Henri Petiet was a key figure in 20th Century art market. He was born into a family renowned for over two centuries for its service to the French state in administration, military, politics and industry. His ancestor, Claude Petiet, Minister of War in the French Directory Government appointed the young General Bonaparte as Chief Commander of the army in Italy, leading the campaign there which earned the Petiet family a noble title.

Endowed with great intelligence and a prodigious memory, of a scientific mind-set and an appetite for collecting, Henri first became interested in trains, illustrated books, and classic veteran cars, but his primary passion was the art print.

In 1925 he became an art dealer, six months after meeting the famous art dealer Ambroise Vollard who had worked with the greatest painters from Cezanne to Van Gogh and who had organised exhibitions such as Picasso’s first one in 1901. Without doubt the high point of his life started with this meeting in 1924 which would prove to be decisive in Petiet's life.

Two years later, in 1927, he launched himself internationally, starting by developing the print market in the UK, working closely with several galleries the Independent Gallery, the Leicester Gallery, Ernest Brown and Phillips Ltd, P&D Colnaghi & Co and of course with Campbell Dodgson, curator of the Prints and Drawings Department at the British Museum who became a good friend.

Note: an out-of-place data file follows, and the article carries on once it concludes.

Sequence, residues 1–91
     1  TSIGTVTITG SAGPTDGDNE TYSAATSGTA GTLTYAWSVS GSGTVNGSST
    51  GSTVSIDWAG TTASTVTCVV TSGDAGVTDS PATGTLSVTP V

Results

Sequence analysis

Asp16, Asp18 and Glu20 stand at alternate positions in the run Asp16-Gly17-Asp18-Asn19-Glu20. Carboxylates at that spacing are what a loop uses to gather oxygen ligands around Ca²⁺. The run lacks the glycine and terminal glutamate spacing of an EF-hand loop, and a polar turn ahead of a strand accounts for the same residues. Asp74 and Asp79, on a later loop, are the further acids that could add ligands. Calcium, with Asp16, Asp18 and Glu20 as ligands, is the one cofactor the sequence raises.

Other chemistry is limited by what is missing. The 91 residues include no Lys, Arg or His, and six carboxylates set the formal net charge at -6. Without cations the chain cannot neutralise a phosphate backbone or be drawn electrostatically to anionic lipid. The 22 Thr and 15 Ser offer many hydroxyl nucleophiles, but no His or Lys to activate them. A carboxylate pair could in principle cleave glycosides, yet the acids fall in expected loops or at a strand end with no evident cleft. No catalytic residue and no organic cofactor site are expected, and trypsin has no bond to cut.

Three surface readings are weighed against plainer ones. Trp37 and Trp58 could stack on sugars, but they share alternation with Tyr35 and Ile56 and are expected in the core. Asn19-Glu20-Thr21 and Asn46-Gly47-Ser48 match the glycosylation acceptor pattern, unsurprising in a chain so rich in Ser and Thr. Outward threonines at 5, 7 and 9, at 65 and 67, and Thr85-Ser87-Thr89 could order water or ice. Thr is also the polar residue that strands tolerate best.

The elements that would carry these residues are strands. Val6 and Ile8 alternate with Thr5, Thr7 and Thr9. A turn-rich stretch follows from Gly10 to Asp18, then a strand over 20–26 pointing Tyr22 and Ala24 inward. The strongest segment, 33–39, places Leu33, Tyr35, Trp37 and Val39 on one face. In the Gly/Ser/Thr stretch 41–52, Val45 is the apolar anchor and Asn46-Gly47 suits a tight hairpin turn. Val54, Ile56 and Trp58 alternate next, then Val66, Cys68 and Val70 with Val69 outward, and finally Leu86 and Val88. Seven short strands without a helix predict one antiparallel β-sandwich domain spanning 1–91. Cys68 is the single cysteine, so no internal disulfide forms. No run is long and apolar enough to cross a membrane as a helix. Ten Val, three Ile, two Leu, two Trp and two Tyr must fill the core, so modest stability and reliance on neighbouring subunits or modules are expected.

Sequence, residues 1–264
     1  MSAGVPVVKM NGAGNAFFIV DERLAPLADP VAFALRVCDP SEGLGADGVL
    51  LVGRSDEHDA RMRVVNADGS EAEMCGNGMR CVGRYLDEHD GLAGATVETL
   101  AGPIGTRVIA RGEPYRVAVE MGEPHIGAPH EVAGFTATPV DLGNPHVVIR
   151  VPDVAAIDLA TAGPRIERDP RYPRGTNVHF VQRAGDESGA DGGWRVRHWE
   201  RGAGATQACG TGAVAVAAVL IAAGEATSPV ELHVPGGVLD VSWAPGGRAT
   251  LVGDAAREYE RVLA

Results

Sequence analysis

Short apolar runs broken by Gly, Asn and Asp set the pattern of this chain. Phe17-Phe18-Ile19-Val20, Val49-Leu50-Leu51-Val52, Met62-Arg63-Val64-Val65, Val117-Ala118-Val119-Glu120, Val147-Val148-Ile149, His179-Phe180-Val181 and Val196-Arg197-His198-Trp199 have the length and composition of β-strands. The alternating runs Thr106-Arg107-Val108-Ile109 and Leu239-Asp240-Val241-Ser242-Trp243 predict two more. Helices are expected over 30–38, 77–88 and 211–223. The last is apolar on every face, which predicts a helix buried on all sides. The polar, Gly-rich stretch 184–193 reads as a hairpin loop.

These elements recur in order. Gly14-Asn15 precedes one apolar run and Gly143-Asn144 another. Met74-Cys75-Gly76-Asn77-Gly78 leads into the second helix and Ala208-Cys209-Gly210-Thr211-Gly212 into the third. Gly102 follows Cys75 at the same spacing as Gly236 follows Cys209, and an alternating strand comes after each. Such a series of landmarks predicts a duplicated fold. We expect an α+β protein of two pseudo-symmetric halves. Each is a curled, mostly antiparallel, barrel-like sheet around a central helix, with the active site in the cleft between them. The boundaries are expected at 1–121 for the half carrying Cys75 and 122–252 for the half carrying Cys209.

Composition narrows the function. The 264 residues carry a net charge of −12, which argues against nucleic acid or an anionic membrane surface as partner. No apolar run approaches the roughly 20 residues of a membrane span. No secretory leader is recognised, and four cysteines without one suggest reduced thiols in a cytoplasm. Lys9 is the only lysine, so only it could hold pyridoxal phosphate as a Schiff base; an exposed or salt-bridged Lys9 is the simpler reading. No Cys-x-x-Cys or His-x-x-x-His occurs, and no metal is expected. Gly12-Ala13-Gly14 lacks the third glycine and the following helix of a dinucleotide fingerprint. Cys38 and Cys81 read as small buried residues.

And in the US Petiet was the man behind entire print departments of American Museums such as the Brooklyn Museum of Art, Museum of Fine Art Boston. He played a key role in enhancing the place of the print in major American collections, both public and private, thanks to the confidence and trust he gained from important curators, such as Carl O. Schniewind and Harold Joachim in Chicago, Agnès Mongan at the Fogg Museum, Elisabeth Mongan, Eleanore Sayre in Boston, Adelyn Breeskin in Baltimore, and dealers such as Georges Keller or collectors like Lessing J. Rosenwald. In New York he built an association with Kraushaar Galleries, the Weyhe Gallery and Kennedy & Co. Some years later, thanks to his friend Jean Goriany, his engravings were purchased by the Brooklyn Museum of Art, Boston Museum of Fine Arts, Art Institute of Chicago.

He very quickly sought to become the sole publisher of prints in order to control prices.

In 1933 he finally opened his own gallery at 8, rue de Tournon in Paris.

His greatest stroke of genius was in his purchasing of the Vollard Collection when Ambroise Vollard accidentally passed away in July of 1939, leaving behind no children or will. While the art world was in shock and wondering what would become of the treasure owned by this overlord of modern art, Henri Petiet moved fast and bought all of the prints from the Vollard collection including a monumental ensemble of prints, the ‘Vollard Suite’, Picasso’s masterpiece, a set of 100 plates etched and engraved between 1930 and 1937 on a variety of subjects, the artist’s studio, the rape, the Minotaur, and concluding with three portraits of Vollard which Petiet failed to obtain but would later get hold of; a dizzying number of 31,000 prints!

Only a few of the prints were signed. But in November of 1950, and after long negotiations, Picasso agreed to sign one set of the ‘Vollard Suite’. Petiet agreed to the demands and the fees of the highly sought-after Master, and he patiently waited through the delicate signing ceremony until the 9th of July 1969, since that date Picasso refused to sign any more sets of the Vollard Suite.

In 1977, three years before his death and still going strong at 83, Petiet purchased Odilon Redon’s extraordinary decorative panels, created by the artist for the dining room at the Chateau de Domecy.

Graphics that come from his collection bear the Petiet  (H M P) stamp. Featured image from the Petiet collection in stock: